EU regional policy budget will decline, says France
France believes that a reduction in funding for the EU's regional policy is inevitable, EurActiv.fr has learned. However, Central European member states are strongly opposed to any decreases.
At an informal meeting of European ministers responsible for regional development on 22 November in Liège, France caused a stir by predicting a "decline" in the future budget for regional policy.
During a discussion on future EU funding for local and regional authorities, French representatives mentioned a "planned reduction of the budget for cohesion policy," EurActiv.fr learned from several sources.
In other words, France sees a decrease in funds for the policy as inevitable. This view must be seen in the context of the French position on reforming the Common Agricultural Policy (CAP). France effectively wants the CAP budget to remain the same in the EU's next budgetary period, from 2014-2020.
The incident was the first time that a representative of a French state official has discussed budget issues in the field of regional policy. Interministerial delegate Dartout Pierre was attending on behalf of Bruno Le Maire, French minister for food, agriculture and fishing.
When an official stands in for a minister at such a meeting, it is customary for the representative to read from a document that has been approved by the government.
Paris: On a collision course with Central Europe?
Given the current pressures surrounding future EU spending, the European Commission and member states have been trying to differentiate between policy goals and budget negotiations. On 10 November in Brussels, Regional Policy Commissioner Johannes Hahn said he was ''not able to talk about fiscal policy'.'
However, the prime ministers of Poland and the Czech Republic have made clear that they will not accept any cuts to the amount of financial support given to Central and Eastern European countries within the framework of EU regional policy.
At a joint press conference in Warsaw last month, Polish Prime Minister Donald Tusk and his Czech counterpart Petr Necas insisted that they would strongly oppose any cuts to the part of the EU budget that provides funding for Europe's poorest regions.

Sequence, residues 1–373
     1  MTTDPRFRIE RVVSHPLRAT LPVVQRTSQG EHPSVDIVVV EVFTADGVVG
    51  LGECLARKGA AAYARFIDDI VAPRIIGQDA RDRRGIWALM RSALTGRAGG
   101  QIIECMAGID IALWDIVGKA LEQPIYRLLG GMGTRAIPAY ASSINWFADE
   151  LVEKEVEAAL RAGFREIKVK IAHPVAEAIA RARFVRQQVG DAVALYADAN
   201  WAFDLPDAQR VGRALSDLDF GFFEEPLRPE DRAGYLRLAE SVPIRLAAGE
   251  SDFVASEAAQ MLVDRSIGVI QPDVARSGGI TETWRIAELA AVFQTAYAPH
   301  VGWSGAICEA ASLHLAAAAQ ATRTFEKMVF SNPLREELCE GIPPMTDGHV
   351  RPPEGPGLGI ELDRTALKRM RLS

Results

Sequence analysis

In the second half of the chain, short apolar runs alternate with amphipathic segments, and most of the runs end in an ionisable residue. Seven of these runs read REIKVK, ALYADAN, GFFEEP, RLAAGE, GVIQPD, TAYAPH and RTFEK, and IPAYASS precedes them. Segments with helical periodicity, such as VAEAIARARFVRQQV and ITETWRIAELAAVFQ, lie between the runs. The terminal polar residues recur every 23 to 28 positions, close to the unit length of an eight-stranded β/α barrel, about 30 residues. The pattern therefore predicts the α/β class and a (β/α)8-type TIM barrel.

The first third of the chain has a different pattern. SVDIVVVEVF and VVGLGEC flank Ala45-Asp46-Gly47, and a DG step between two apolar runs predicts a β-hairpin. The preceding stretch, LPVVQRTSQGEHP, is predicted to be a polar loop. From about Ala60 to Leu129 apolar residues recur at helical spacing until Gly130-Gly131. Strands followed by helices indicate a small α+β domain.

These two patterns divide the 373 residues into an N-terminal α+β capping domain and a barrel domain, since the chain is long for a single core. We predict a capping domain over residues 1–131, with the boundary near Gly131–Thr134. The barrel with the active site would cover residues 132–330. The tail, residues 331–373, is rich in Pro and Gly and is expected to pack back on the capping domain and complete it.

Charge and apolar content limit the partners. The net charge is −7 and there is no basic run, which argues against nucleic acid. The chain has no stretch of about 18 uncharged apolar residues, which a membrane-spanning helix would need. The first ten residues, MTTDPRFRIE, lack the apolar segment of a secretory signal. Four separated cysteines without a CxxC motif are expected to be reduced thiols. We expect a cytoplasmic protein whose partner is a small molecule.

France will therefore face a fight to reduce the amount of funding allocated for regional policy. Meanwhile, Poland has warned that budget cuts are not on the agenda of the upcoming European Council summit on 16-17 December, during which the UK is expected to ask for a 25% reduction in the EU's spending beyond 2013.
On 10 November, the European Commission published its 5th Report on Economic and Social Cohesion, which included a number of proposals for reforming EU regional policy in the framework of the next budgetary period.
The Commission proposals link funding for regions to the achievement of the targets set out in the 'Europe 2020' strategy for jobs and growth. The amount of money available will depend on the outcome of the negotiations on the multi-annual financial framework for 2014-2020, which begin next year.
The regional policy of the European Union has the overall goal of promoting economic prosperity and social cohesion throughout the 27 member states and their 271 regions.
Within the current financial framework (2007-2013), spending on regional policy amounts to an average of €50 billion per year – approximately one third of the total EU budget.
Regional policy spending is channelled through three funds – often called 'Structural Funds'. These are the European Fund for Regional Development (EFRD), the European Social Fund (ESF) and the Cohesion Fund.
Over 80% of the funding is reserved for the poorest regions. These are mostly to be found in the 'new' member states (in Central and Eastern Europe) as well as Greece, Portugal, Spain and southern Italy.
- Mid-2011: Commission to propose Multiannual Financial Framework outlining details of EU budget allocations.
- 2012-2013: EU to finalise budget for 2014-2020.